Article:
African-Americans and Hispanics are two important blocs in the Democratic voting coalition that helped elect President Obama in 2008, but will they turn out for Democratic House and Senate candidates in this fall's elections?
In his column for National Journal this week, elections guru Charlie Cook writes about the economy and the midterms and makes a significant point: blacks and Hispanics have been hit disproportionately hard by the recession during the last two years, and subsequently they're less enthusiastic about voting in the November elections:
Among two of the most important groups in the Democratic coalition, things are much worse. The unemployment rate among African Americans was 12.6 percent the month President Obama was sworn into office but now stands at 15.6 percent. Among Hispanics, it was 9.7 percent when President Obama took over; it's 12.1 percent now. Among job seekers ages 16 to 19, unemployment has gone from 20.8 percent to 26.1 percent (unfortunately, there is no broader breakdown in unemployment numbers for young people). These are the groups that Democrats need to turn out in big numbers; little wonder that polling shows them with substantially lower interest levels than they had in November 2008. When Democrats lost their majorities in November 1994, the unemployment rate was 5.6 percent. When Republicans lost theirs in November 2006, unemployment was 4.5 percent. The latest Blue Chip Economic Indicators survey of 51 top economists reports a consensus unemployment forecast of the last quarter of this year to be 9.5 percent -- the most optimistic of the individual forecasters projected a 9.2 percent rate, the most pessimistic 9.9 percent. The consensus forecast for economic growth in the third quarter was that it would remain the same as has been reported for the second quarter, 2.4 percent, with the fourth quarter little better, 2.7 percent -- simply not enough to generate meaningful job growth.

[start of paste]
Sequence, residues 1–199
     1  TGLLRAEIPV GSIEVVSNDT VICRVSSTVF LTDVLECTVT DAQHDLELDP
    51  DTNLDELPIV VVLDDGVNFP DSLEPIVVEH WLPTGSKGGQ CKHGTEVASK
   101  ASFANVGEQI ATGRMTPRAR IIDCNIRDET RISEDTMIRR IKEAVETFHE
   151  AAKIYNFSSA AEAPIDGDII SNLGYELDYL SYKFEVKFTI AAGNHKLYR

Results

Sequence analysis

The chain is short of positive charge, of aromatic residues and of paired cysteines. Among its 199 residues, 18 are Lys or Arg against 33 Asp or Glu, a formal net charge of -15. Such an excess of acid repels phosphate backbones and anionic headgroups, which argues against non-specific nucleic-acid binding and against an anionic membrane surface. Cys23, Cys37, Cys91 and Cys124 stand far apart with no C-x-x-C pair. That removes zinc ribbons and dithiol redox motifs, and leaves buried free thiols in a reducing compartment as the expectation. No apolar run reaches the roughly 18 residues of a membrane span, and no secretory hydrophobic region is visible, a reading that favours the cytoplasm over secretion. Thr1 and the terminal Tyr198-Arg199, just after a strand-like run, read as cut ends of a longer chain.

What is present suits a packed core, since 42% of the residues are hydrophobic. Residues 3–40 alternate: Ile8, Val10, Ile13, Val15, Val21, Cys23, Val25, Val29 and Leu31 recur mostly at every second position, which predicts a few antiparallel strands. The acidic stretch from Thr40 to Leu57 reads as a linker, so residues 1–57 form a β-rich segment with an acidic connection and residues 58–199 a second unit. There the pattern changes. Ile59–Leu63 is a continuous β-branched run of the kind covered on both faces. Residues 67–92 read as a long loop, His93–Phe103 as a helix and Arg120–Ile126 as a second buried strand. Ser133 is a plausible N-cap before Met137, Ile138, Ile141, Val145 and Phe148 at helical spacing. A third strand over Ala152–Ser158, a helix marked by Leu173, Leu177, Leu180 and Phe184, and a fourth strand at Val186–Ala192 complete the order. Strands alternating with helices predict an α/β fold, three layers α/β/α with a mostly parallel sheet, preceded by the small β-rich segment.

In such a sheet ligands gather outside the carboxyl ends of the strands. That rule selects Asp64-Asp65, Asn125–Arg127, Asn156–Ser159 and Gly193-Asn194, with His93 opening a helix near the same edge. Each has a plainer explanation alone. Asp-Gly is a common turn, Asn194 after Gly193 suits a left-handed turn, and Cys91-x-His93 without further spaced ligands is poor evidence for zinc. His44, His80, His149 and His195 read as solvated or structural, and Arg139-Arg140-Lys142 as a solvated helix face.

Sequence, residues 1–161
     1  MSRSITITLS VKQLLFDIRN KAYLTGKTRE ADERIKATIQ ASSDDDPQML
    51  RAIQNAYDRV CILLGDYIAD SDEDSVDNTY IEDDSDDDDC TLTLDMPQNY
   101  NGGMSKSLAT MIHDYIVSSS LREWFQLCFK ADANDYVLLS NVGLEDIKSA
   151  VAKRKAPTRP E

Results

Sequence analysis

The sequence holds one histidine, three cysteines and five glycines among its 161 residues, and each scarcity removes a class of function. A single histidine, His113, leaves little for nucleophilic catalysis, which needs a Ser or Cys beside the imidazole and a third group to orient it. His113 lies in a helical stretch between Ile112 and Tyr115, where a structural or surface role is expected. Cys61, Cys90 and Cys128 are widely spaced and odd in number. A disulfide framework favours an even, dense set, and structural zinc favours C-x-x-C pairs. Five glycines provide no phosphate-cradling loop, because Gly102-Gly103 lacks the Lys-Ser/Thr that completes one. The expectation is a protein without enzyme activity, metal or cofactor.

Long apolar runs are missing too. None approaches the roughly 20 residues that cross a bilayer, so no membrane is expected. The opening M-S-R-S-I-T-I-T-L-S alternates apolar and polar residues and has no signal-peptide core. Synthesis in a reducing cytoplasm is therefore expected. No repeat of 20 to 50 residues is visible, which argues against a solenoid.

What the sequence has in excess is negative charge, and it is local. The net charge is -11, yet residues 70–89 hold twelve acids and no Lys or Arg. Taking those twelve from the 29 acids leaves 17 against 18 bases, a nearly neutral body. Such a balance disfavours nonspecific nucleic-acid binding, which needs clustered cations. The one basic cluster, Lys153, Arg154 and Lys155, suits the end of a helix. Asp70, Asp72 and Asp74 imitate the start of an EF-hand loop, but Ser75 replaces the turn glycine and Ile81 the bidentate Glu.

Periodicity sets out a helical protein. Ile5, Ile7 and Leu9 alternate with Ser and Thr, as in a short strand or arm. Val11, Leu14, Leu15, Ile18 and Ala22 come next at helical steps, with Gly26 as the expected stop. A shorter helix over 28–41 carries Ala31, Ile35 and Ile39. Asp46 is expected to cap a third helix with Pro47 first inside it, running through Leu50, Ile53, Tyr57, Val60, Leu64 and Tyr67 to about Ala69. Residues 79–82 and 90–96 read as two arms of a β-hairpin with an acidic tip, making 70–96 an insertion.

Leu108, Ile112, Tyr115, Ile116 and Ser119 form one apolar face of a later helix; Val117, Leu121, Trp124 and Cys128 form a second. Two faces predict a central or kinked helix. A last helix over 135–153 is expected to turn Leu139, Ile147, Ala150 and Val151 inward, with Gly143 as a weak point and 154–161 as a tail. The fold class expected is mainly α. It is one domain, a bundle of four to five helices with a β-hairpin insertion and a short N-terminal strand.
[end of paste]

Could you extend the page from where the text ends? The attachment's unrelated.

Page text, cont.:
The lack of a speedy economic recovery figures to hurt Democrats this fall, but the disproportionate jobless rates of African-Americans and Hispanics could make the economy's impact on Democratic majorities even more acute.
Two factors that may combat this effect: Obama's popularity among black voters and the intensity of the immigration debate. In December 2009, as Obama's approval ratings hovered around the 50% mark amid the messy health care debate, 9 in 10 African-Americans still approved of him. And after Arizona Gov. Jan Brewer signed SB 1070, heated immigration rhetoric on the right and the Justice Department's lawsuit against Arizona may win points for Democrats among Hispanics, despite the fact that Congress will almost certainly not be able to pass comprehensive immigration reform before next year's session.
We want to hear what you think about this article. Submit a letter to the editor or write to firstname.lastname@example.org.
Chris Good is a political reporter for ABC News. He was previously an associate editor at The Atlantic and a reporter for The Hill.